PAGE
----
What will Donald Trump’s relationship with the UN look like?

President-elect Donald Trump criticized the United Nations as ineffective days after the Security Council failed to block a resolution condemning Israeli settlements. What kind of relationship will he have with the global organization going forward?

Manuel Elias/The United Nations/AP
Members of the United Nations Security council vote at the United Nations headquarters on Friday, Dec. 23,in favor of condemning Israel for its practice of establishing settlements in the West Bank and east Jerusalem. In a striking rupture with past practice, the U.S. allowed the vote, not exercising its veto.

President-elect Donald Trump isn’t happy that the United Nations doesn’t live up to its “great potential.”

In a tweet Monday, noting that the global organization has “such great potential,” the billionaire businessman referred to the UN as "just a club for people to get together, talk and have a good time. So sad!"

The comments came just days after the UN voted to condemn Israeli settlements in the West Bank and East Jerusalem. Mr. Trump had put pressure on President Obama to oppose the vote and vocally criticized the move, marking his first real foray into international proceedings as a political leader.

"As to the U.N., things will be different after Jan. 20th," he tweeted on Friday, after the Security Council allowed the resolution to pass.  

Trump’s unexpected victory left many around the world reeling, but those in the UN weren’t quite sure how to react, as the president-elect hadn’t directed his brazen rhetoric and often harsh criticism toward the organization on the campaign trail. Others have decried the bureaucracy behind the UN as a burden on operations before, sometimes leading to tense relationships between administrations and the 193-nation organization, but facilitating reform throughout the expanding bureaucracy hasn’t proven an easy task.

As for Trump’s administration, details of the future relationship with the UN remain cloudy. He has appointed South Carolina Gov. Nikki Haley to serve as ambassador to the UN, and her lack of international experience and opposition to both the Iran deal and settlement of refugees in her state leave some wondering how she will approach the position. She was a vocal critic of the president-elect's campaign promise to place a temporary ban on Muslim immigrants, calling the policy proposal “un-American,” which places her more in line with mainstream opinions in the organization.

Some worry that Trump’s own campaign trail promises could clash with key UN principles and resolutions that many view as great global compromises. He has referred to climate change as a hoax and threatened to withdraw the US from the Paris Agreement while also vowing to bar refugees and immigrants from countries with high rates of terrorism, a policy that could violate international law.

Still, there’s an opportunity for the Trump administration to make deals and international agreements that could sway the global conversation further in the United States's favor, and cooperating with the organization’s leaders rather than denouncing them could work in his favor.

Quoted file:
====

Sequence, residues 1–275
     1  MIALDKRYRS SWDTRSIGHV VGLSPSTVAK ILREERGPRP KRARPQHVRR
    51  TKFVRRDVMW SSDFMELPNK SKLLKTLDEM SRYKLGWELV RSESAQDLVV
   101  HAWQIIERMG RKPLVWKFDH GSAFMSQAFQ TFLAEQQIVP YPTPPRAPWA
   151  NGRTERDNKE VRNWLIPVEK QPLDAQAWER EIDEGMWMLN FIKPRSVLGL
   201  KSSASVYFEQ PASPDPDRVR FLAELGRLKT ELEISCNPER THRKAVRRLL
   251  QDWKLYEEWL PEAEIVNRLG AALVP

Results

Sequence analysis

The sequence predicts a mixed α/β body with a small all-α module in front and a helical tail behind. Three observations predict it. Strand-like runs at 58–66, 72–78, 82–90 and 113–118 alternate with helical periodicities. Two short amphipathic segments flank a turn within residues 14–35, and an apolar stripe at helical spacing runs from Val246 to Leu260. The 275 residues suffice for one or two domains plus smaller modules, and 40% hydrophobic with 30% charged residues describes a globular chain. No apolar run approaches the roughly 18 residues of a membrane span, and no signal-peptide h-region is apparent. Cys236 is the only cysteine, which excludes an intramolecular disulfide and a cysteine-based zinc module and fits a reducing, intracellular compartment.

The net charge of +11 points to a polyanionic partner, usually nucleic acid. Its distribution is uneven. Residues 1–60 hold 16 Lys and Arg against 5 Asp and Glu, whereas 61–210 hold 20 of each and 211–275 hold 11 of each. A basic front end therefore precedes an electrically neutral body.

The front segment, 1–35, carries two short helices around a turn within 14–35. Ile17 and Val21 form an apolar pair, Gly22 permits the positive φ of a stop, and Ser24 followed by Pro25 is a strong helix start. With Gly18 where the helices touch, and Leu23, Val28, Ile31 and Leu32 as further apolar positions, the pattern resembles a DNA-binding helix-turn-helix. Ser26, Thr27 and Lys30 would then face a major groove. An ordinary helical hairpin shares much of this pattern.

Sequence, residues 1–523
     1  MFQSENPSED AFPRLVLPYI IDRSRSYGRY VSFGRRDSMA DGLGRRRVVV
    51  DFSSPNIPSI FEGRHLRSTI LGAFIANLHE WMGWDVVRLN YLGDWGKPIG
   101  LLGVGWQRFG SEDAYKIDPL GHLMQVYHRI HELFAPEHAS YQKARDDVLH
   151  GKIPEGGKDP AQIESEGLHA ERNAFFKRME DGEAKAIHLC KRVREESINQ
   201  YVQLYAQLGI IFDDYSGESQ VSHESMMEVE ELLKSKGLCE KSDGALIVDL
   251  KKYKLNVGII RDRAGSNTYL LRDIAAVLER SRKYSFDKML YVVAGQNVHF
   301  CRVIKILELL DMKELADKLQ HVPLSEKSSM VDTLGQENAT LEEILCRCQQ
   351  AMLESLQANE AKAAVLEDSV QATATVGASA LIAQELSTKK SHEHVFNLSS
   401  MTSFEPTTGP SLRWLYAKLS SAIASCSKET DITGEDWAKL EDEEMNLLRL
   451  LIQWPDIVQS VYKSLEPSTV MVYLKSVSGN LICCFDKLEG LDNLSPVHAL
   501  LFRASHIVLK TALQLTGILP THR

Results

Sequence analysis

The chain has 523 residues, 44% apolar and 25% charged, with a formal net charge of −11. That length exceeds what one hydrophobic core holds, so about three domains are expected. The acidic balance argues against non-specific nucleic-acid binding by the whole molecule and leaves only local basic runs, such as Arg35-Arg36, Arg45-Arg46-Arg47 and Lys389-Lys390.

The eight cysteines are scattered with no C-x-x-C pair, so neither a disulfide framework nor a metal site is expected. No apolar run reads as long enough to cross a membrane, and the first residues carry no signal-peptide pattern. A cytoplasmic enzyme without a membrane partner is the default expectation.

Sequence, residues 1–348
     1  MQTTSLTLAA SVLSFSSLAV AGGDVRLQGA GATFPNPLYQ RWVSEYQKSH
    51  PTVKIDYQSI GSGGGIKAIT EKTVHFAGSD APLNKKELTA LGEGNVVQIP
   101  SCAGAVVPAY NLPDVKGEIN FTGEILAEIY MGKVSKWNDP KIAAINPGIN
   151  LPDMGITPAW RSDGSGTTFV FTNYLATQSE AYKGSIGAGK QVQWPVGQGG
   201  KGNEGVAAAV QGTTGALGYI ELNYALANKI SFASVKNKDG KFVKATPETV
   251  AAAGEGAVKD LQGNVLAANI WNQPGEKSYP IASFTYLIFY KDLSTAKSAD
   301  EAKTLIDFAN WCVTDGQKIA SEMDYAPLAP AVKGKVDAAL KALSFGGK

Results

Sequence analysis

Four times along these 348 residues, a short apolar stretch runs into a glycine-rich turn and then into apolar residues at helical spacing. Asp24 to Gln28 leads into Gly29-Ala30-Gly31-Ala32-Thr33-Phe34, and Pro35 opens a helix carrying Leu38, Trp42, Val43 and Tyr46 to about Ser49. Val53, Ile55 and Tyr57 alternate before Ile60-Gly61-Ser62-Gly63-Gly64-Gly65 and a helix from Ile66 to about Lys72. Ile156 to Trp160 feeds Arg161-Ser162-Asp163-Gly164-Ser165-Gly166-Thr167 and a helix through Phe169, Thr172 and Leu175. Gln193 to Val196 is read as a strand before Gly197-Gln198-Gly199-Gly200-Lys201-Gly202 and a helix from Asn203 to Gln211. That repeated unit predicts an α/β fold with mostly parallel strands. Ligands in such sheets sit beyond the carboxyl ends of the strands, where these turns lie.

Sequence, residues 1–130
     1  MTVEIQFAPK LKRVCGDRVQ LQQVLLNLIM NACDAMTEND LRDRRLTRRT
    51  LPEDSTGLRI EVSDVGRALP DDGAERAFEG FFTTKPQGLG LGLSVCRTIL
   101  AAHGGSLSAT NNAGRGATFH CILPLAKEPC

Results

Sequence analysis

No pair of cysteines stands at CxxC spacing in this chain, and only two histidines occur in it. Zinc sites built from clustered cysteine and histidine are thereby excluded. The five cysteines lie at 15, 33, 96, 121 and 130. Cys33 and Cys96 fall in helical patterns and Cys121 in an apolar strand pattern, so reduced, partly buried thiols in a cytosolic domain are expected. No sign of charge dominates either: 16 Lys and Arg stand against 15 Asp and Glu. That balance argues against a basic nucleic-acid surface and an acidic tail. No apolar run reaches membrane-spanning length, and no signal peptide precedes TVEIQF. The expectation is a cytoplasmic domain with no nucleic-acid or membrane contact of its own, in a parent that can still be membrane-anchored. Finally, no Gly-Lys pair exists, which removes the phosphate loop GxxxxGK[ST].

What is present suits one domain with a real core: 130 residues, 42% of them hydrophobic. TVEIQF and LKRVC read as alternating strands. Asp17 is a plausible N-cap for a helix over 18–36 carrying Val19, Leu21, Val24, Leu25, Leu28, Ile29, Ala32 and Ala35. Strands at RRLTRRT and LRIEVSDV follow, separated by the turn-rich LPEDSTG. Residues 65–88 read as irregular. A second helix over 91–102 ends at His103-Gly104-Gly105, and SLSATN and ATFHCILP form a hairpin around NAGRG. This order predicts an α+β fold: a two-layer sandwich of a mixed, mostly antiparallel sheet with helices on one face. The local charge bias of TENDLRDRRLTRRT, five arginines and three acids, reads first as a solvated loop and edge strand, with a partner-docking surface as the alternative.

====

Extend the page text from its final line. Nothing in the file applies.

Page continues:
“He prides himself on making deals,” Sarah Cliffe, a former UN assistant secretary general who is now director of the Center on International Cooperation, a research organization at New York University, told The New York Times last month. “The U.N. is the forum where countries make deals in their own national interests but that also does some collective good.”

Despite its inherent flaws brought on by underlying organizational complexities, 2016 was a time of progress for the global organization.

The UN’s Security Council, of which the US is a permanent member, approved some 70 resolutions, such as sanctions on North Korea and others that boosted global peacekeeping operations. The General Assembly concurrently worked to approve dozens of resolutions, condemning human rights violations in Iran and North Korea and authorizing an investigation into war crimes in Syria.

Trump is far from the first leader to criticize the organization; John R. Bolton, the George W. Bush administration’s ambassador to the UN, once said the organization would be more effective if it got rid of its top 10 floors, where the senior leaders work. The president-elect briefly considered Mr. Bolton for secretary of state.

But the billionaire businessman hasn’t always been a critic of the UN. In 2005, he spoke at a Senate hearing, saying that “the concept of the United Nations and the fact that the United Nations is in New York is very important to me and very important to the world as far as I am concerned.”

As a businessman, Trump offered to renovate the UN building in New York, saying he would only charge half price for costs. But it’s unclear if he could play any role in reforming the inner workings of the organization.

“There is no single institution that I found more exhilarating at its best, yet more debilitatingly frustrating at its worst, than the United Nations,” Gareth Evans, a former foreign minister of Australia previously told The Guardian. He said his efforts to reform the organization “were about as quixotic and unproductive as anything I have ever tried to do.”

This report contains material from the Associated Press.

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